Our lives have changed dramatically—and apparently, so have our homes.

Remember the days when we’d stroll through Home Goods, perusing the aisles for cute placemats, tumblers, and other decorative extras that fall into the category of “Things We Probably Didn’t Need?’

Okay, so those days might not be completely gone for some of us, but our new lives in quarantine have certainly made us rethink what’s on our list of decorating must-haves. In the absence of entertaining, fancy table linens and pretty, non-functional accessories might seem like things of the past. But what’s swooping in to take their place? It’s probably items you’ve had in your arsenal for years—decades even—despite the fact that they very likely wouldn’t win any design awards.

According to Apartment Therapy, the past six months of sheltering in place have prompted homeowners to adopt a new style of decorating that’s not really about looks at all. Dubbed “Comfort Decorating,” the concept encourages people to choose furniture, artwork, and accessories that evoke feelings rather than aesthetics.

“We’re spending so much more time in our homes now than we ever have,” Grace Dowd, an Austin-based therapist, told Apartment Therapy. “So it’s more important than ever to fill your space with things that make you feel like yourself, even if they’re not ‘Insta-worthy.’”

For many people, Comfort Decorating means displaying and using old family heirlooms, from grandpa’s antique typewriter to your Great Aunt Linda’s collection of crocheted blankets. (Permission to use Grandma’s fancy china for your mid-week takeout granted.) It could also be nostalgic mementoes from childhood, collectibles from past vacations, or even a well-worn blanket that’s been with you since your first apartment and just feels like home.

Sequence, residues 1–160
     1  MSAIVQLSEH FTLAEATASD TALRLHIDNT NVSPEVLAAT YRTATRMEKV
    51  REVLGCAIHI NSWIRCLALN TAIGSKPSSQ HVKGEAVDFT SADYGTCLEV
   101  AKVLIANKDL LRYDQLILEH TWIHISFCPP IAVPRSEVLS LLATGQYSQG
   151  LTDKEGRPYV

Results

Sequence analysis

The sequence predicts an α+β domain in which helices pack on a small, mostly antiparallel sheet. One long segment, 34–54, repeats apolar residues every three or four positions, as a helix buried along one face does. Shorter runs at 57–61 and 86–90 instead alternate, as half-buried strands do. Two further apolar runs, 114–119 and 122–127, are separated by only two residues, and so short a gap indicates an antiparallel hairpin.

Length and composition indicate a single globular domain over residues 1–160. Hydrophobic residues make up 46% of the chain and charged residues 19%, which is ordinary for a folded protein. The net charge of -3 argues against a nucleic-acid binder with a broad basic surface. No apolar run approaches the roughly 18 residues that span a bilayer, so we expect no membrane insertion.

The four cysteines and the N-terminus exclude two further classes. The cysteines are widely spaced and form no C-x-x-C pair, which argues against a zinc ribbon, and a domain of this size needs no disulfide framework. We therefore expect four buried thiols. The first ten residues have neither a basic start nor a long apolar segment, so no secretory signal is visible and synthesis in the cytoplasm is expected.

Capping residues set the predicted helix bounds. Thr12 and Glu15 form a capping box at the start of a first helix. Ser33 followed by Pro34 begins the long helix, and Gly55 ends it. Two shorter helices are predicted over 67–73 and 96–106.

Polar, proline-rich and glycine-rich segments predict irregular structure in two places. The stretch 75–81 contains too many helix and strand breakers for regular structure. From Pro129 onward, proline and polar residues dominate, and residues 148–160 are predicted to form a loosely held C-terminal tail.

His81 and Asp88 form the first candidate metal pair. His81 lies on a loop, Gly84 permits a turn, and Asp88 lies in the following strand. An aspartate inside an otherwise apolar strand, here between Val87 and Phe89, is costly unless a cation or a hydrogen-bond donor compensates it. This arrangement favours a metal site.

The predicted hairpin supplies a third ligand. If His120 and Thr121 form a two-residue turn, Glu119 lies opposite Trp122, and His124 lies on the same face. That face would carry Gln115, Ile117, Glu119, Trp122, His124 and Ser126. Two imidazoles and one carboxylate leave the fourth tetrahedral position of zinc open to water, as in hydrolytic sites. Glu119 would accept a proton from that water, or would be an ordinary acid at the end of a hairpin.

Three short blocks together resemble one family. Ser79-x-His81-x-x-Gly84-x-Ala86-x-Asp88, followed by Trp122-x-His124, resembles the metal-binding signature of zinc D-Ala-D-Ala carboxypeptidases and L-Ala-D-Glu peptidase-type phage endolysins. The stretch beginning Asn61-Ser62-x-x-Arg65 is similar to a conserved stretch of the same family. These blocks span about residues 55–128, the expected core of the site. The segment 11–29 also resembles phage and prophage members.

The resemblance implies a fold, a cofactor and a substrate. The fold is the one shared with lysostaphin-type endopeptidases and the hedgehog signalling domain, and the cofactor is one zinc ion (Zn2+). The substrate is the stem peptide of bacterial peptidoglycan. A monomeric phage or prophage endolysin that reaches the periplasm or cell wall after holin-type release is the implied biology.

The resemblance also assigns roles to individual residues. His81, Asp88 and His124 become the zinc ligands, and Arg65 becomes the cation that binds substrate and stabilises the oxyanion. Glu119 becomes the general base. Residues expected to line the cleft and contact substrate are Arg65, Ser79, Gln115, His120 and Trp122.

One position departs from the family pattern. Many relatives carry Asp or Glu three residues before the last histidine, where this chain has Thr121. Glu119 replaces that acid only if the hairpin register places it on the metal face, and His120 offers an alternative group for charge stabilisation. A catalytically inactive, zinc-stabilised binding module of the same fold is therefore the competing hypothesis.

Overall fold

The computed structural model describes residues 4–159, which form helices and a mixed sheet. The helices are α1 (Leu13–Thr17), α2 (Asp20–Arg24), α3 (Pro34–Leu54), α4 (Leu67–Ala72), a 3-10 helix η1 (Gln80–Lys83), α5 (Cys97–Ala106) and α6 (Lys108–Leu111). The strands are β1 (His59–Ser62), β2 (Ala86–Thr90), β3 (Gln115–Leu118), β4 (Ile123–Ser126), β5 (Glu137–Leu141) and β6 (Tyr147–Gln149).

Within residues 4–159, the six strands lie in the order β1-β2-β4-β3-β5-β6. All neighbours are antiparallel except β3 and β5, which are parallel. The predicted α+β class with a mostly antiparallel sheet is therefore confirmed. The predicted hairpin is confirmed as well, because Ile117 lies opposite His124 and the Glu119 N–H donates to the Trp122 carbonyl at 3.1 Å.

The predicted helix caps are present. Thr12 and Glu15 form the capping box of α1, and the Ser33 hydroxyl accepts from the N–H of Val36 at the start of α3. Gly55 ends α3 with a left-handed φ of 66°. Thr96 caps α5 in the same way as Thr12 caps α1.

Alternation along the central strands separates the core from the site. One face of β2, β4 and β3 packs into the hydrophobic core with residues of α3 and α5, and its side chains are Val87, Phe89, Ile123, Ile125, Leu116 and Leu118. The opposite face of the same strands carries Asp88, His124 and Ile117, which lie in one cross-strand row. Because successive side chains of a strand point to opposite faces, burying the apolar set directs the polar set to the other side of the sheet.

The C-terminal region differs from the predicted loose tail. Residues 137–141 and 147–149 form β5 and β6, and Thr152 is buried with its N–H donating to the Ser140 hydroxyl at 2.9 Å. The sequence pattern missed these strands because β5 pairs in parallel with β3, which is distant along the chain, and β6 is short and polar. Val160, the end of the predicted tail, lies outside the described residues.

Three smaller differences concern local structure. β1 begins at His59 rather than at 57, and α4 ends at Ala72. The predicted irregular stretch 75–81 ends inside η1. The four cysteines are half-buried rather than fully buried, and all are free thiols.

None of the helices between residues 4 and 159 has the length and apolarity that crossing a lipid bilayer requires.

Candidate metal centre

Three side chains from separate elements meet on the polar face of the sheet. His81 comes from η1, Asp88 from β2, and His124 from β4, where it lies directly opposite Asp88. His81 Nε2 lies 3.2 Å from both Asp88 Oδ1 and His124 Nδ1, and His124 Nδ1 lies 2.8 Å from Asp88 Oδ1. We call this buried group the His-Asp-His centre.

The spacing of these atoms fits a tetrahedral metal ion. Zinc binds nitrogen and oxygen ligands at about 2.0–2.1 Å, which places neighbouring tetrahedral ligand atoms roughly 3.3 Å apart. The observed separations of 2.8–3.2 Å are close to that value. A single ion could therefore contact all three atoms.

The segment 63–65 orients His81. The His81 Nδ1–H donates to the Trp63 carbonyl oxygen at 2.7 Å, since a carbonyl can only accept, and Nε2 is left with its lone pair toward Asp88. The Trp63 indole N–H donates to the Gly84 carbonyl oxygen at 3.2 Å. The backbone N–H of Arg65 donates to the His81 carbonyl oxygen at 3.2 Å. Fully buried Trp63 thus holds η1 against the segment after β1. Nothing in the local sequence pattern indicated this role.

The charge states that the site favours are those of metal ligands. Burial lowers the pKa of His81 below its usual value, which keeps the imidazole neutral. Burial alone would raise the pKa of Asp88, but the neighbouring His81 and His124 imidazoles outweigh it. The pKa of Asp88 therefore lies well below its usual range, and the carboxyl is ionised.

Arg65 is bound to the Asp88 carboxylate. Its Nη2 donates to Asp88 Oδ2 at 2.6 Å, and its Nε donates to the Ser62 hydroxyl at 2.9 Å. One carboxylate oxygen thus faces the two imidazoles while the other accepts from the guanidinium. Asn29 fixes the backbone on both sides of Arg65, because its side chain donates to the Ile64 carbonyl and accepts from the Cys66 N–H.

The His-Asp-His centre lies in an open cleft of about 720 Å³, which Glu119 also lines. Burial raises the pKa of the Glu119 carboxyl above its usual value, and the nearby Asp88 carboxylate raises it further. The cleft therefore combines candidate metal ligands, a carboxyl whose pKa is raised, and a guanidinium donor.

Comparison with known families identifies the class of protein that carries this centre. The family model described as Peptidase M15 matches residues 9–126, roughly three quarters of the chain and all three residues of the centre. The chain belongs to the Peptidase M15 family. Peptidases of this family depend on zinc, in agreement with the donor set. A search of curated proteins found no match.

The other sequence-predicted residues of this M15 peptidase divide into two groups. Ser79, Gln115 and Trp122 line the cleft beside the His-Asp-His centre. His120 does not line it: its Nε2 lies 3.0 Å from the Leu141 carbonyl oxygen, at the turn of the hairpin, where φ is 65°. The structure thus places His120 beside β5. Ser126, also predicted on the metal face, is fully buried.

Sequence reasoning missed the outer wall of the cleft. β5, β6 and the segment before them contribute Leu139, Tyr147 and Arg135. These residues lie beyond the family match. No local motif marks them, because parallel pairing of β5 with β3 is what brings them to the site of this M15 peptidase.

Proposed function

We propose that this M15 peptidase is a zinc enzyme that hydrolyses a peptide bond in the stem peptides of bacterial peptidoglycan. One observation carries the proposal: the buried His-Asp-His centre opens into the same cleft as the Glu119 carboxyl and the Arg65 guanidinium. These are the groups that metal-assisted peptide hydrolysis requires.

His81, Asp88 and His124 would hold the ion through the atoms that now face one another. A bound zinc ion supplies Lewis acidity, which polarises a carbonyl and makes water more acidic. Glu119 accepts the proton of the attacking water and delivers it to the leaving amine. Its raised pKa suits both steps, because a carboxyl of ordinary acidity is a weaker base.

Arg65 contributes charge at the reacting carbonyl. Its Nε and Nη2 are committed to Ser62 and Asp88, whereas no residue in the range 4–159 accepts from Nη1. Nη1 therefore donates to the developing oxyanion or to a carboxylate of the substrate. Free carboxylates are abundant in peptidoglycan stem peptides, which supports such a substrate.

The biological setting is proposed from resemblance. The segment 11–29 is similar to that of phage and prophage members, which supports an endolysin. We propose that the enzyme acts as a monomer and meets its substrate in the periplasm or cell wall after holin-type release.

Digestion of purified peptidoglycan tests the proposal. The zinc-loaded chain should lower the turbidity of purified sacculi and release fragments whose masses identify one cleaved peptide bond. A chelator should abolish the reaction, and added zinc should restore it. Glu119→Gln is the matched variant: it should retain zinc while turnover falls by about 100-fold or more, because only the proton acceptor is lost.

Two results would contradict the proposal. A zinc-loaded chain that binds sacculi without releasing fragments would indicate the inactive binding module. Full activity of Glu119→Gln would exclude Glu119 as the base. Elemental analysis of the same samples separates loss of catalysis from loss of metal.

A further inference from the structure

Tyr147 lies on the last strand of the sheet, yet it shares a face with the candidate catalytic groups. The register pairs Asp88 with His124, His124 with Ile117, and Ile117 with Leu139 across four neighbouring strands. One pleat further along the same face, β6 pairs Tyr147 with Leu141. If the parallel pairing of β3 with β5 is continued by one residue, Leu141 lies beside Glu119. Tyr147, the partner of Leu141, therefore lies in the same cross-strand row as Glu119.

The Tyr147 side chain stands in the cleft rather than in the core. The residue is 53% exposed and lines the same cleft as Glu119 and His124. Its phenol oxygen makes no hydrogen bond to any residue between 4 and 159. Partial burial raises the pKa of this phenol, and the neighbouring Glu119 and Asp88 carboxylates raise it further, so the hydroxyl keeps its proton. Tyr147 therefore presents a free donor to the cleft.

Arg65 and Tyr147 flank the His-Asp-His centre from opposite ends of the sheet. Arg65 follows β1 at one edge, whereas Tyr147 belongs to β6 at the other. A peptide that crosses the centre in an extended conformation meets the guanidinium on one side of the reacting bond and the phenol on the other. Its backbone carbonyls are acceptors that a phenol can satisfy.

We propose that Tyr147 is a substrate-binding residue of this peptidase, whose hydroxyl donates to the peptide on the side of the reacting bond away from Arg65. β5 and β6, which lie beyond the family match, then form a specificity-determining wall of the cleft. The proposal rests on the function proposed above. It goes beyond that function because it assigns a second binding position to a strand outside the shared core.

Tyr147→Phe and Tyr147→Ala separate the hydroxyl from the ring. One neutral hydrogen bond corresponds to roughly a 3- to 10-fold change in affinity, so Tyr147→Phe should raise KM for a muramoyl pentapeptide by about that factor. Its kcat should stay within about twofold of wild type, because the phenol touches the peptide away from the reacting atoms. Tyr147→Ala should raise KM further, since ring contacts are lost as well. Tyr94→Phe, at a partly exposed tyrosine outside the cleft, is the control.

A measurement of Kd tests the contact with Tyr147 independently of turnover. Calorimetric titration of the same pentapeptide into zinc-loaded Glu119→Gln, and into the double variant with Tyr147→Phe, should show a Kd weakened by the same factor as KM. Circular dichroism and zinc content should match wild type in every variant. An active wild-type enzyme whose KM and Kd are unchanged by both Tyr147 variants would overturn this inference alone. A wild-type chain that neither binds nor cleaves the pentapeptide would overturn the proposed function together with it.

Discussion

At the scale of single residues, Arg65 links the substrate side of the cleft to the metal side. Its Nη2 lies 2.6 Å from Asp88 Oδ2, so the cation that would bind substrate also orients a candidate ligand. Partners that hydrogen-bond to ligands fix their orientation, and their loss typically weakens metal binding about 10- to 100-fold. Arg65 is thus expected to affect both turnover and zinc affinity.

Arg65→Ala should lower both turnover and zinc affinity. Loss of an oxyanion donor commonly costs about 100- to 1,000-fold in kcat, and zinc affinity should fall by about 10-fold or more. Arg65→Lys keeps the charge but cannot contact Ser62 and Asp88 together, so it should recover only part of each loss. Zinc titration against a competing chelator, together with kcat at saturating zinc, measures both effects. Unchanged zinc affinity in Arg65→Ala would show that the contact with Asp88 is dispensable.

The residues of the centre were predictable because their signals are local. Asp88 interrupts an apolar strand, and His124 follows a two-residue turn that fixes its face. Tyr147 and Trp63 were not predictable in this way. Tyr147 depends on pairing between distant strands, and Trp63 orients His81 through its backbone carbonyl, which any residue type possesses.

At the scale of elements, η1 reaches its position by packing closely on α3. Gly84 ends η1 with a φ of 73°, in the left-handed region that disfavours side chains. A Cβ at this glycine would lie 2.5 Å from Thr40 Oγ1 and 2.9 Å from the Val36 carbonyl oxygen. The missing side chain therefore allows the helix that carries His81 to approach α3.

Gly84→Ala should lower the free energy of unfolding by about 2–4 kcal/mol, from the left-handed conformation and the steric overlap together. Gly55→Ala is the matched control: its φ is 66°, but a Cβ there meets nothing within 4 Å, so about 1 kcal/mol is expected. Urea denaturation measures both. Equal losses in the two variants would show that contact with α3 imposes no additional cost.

“These things can remind you who you are, that you’re fun or silly or creative,” Alexis Moreno, a psychologist in Washington, D.C., told Apartment Therapy. “The meaning behind these objects is far more important than other potential factors, like judgment or criticism of that item.”

Not all items that fall into the Comfort Decorating category come with history. Things like your own imperfect DIY projects are likely to hold meaning, while accessories like your sleep-inducing Himalayan salt lamp or your dear pup’s torn-up pet bed bring peace and happiness to your space. The point of it all isn’t that it falls into a specific style box, but that it feels inherently like you.

And while they might not necessarily make it into a design magazine photo shoot, they will—in the words of Marie Kondo—spark joy. And that’s something we probably all could use a little bit more of this year.